Choking Hazard

Due to their large size and firm texture, cucumbers can pose a choking risk to dogs of all sizes. Smaller dogs are especially vulnerable since even a medium-sized treat can easily block their throats.

However, you can easily solve this problem with a little preparation. Before handing cucumbers to your pup, cut them into tiny, bite-sized chunks or thin slices. Never give your dog a whole cucumber.

Additional Ingredients

Fresh cucumbers are safe for nearly any dog. However, cooked or prepared cucumbers may have herbs, spices, or other ingredients added for flavor, especially if they’re part of another dish.

If your cucumber contains any extra ingredients, we recommend keeping it away from your dog. For instance, pickles have a very high salt content and could cause health problems in your dog.


If you give your dog too much cucumber at once, they could overeat, leading to stomach issues. This is more likely to happen if they’ve never tried cucumber before since the novelty might cause them to devour their food.

To stay on the safe side, always feed bite-sized pieces of cucumber and monitor your dog while they eat. If they usually gulp treats as fast as possible, you should only give them one slice of cucumber at a time.

Which Fruits Can Dogs Eat? 

Along with cucumbers, there are plenty of other fruits you can safely share with your dog. Remember to keep these snacks at less than 10 percent of your dog’s diet, and you’ll be good to go.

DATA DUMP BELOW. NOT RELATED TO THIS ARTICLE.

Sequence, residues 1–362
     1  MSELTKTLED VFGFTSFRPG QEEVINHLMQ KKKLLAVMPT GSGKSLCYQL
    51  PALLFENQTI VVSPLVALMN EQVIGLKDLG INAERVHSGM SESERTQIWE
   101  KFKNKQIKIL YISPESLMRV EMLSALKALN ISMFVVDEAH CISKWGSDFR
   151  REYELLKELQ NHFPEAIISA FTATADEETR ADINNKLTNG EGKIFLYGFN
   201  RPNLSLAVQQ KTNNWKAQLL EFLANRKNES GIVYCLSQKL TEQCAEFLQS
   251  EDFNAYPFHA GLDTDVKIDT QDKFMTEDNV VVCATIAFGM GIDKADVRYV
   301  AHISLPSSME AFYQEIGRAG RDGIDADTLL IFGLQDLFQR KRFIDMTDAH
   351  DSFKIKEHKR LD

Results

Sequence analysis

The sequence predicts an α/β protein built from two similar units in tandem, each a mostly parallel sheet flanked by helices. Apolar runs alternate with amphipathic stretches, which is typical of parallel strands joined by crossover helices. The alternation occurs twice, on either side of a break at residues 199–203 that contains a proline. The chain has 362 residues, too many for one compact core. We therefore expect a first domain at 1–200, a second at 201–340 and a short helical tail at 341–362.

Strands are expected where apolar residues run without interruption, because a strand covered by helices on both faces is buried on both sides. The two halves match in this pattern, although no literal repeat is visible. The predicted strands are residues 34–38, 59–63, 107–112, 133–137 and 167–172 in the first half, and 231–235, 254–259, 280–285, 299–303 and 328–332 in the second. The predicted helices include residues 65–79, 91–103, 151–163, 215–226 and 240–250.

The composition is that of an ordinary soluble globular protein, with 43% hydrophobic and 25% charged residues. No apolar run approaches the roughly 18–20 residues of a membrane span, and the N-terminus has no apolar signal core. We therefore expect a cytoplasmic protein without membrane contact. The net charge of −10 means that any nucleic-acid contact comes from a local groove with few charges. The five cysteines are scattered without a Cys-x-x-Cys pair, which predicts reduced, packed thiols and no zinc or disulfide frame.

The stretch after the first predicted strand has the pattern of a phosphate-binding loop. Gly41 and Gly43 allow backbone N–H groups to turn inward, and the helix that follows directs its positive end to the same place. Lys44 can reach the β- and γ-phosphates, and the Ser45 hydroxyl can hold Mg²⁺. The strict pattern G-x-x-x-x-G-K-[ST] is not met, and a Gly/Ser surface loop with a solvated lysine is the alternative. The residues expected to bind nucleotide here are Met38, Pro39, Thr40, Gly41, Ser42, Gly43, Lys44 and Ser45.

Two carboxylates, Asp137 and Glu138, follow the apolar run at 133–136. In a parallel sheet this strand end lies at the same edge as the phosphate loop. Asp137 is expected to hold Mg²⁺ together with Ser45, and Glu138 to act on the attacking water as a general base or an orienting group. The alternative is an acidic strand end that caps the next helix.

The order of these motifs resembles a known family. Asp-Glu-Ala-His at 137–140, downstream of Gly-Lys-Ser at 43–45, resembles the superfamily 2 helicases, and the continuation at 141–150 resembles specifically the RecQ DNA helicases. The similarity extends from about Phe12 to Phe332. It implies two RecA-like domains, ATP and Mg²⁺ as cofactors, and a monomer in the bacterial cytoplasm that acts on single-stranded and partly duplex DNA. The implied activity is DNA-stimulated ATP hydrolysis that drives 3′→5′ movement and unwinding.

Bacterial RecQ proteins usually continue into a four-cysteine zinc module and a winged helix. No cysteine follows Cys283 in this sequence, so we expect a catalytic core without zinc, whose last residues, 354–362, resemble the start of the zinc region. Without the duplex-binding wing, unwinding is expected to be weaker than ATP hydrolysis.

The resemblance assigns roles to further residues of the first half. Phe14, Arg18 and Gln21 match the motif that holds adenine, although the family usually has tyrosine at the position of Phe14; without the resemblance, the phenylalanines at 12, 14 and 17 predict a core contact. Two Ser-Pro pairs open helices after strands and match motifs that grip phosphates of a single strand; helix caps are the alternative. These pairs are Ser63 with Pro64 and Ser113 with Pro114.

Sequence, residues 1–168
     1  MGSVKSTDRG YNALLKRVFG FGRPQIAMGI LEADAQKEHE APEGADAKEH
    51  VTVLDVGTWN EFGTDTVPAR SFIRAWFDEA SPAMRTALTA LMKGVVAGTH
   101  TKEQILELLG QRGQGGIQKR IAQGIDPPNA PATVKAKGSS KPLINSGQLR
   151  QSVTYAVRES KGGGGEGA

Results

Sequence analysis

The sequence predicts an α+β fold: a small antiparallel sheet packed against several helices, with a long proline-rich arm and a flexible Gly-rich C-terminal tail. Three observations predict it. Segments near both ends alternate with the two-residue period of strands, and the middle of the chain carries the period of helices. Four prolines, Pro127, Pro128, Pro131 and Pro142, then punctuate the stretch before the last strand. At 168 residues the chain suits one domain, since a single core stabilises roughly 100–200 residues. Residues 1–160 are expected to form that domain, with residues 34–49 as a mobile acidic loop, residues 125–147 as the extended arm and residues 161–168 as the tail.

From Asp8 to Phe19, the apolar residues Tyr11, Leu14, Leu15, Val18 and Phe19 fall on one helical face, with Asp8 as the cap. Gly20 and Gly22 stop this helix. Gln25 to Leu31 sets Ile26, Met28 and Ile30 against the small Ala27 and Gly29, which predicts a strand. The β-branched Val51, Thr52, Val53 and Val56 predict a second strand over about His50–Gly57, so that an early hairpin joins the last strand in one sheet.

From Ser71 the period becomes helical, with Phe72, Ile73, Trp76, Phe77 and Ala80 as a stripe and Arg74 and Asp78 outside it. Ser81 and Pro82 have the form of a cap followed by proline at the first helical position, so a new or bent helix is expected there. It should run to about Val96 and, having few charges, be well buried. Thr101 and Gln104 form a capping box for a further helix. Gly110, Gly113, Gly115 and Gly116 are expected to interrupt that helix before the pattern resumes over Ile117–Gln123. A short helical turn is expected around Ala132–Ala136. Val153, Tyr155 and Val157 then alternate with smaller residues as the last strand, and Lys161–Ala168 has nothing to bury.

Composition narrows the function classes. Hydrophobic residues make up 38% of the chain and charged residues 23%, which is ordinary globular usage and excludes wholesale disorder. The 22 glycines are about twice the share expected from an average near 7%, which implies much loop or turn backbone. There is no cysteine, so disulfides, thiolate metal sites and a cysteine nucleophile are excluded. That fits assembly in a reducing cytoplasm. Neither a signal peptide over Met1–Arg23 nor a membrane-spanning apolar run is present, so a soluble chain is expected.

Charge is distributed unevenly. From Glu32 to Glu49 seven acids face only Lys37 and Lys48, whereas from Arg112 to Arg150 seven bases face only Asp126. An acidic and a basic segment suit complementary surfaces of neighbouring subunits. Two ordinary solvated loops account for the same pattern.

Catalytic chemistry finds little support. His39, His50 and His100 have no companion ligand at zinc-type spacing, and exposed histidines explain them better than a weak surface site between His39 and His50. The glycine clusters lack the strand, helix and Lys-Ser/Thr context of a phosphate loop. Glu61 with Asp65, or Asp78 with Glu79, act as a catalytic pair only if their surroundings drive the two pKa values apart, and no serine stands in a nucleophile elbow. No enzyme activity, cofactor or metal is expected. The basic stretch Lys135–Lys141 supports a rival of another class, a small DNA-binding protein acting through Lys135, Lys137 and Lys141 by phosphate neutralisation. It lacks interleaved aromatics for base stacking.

Here are a few great options for your pup:


Blueberries are a sweet and healthy snack for dogs and humans. They provide plenty of benefits, too. For one thing, they contain lots of vitamins, antioxidants, and phytochemicals to support your dog’s health.

They’re also a low-calorie source of fiber, which helps your dog’s digestive system. Overall, blueberries are a good treat for any dog parent.


Watermelon is another hydrating snack your dog can have during the summer months. It’s a great source of Vitamin A and potassium, supporting your dog’s overall wellbeing.

Before you give your dog any watermelon, make sure you cut off the rind and remove any seeds, which could pose a choking hazard. Giving your dog small, bite-sized pieces of watermelon is the best way for them to enjoy this sweet treat.


Monkeys aren’t the only animals who can appreciate a good banana. Your dog may love this nutritious yellow fruit. It’s high in potassium, vitamin C, and fiber, so go ahead and give your pup a taste.

However, remember that bananas are naturally higher in sugar than most other fruits. They are great as an occasional treat on rare occasions. Make sure you peel and chop them into small pieces before you feed them to your dog.

Sharing Cucumbers With Your Dog

Now you’ve seen the nutritional power of cucumbers and learned why they make a great dog treat. They’re hydrating, healthy, and low in calories, which means they’re one of the healthiest snacks for your pup to enjoy.

The next time you visit the grocery store, you might want to browse the produce stands and pick up a few extra fruits for your dog. Whether you’re throwing a couple of cucumber slices in their dinner bowl or feeding them blueberries out of your bowl, they’ll love the chance to share a meal with you.


Can Dogs Eat Cucumbers? | American Kennel Club

Can dogs eat cucumbers? Are they safe? Their health benefits explained | Phys.org

Which Fruits Can Dogs Eat? | PetMD